Urine drug testing is medical protocol for patients prescribed opioid drugs in order to monitor compliance and expose possible drug abuse or diversion. In the wake of the opioid crisis, there has been an increase in the frequency and cost of urine drug tests, resulting in a corresponding increase in spending by Medicare and private insurance on such tests. Between 2011 and 2014, spending on urine drug screens and genetic tests by Medicare and private insurance quadrupled to an estimated $8.5 billion per year.
The increase in the cost of urine drug tests is attributable to more expensive and high-tech ways of running the tests. Presently, laboratories are moving away from simple urine screenings and installing machines for urine drug tests. There is a financial incentive attached to machine tests; under Medicare rules, each drug tested for within a single specimen validity test may be billed individually.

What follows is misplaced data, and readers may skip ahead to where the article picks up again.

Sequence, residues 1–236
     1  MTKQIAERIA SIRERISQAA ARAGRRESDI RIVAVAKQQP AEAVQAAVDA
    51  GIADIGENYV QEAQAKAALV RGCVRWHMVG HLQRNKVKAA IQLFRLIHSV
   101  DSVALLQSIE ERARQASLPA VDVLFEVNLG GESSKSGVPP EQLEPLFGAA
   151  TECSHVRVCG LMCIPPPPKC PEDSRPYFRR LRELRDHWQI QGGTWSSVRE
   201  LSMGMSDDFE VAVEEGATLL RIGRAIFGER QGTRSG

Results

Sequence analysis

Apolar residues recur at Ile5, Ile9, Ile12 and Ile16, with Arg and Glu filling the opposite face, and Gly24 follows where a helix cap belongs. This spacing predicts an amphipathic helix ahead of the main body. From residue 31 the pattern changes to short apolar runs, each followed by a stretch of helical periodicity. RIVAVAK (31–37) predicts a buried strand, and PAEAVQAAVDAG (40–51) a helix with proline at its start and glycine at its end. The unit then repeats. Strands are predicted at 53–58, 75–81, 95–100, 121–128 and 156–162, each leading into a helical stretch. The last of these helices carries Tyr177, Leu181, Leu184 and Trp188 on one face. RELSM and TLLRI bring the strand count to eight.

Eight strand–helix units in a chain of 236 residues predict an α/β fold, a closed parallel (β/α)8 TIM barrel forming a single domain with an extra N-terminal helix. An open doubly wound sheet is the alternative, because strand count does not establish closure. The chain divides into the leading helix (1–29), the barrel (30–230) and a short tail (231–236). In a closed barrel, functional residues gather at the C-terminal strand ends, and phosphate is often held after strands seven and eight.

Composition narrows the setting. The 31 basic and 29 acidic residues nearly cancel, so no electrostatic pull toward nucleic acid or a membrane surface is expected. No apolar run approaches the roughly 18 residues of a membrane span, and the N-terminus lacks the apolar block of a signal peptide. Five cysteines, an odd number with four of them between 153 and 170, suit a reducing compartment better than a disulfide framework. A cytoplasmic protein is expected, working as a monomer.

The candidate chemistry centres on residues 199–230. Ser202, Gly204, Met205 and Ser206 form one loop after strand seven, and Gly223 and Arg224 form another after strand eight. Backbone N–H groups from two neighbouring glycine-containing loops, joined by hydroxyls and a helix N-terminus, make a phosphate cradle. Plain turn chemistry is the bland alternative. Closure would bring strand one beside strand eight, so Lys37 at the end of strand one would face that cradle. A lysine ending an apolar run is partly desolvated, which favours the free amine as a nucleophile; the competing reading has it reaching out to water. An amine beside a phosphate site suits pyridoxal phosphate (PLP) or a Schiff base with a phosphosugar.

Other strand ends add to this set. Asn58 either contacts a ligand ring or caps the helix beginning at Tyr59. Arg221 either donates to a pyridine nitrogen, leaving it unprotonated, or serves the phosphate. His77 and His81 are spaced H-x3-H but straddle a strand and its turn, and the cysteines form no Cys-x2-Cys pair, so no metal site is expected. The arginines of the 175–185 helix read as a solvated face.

The spike in reimbursement by Medicare and private insurance has caught the attention of the federal government. In 2010, the Centers for Medicare & Medicaid Services (“CMS”) imposed stricter rules on billing for simple urine screens; however, these rules do not cover machine testing. In addition, in 2011, the federal government settled with Millennium Health, LLC, one of the largest urine drug testing laboratories in the United States, for $256 million after it was alleged to have billed medically unnecessary urine drug and genetic tests.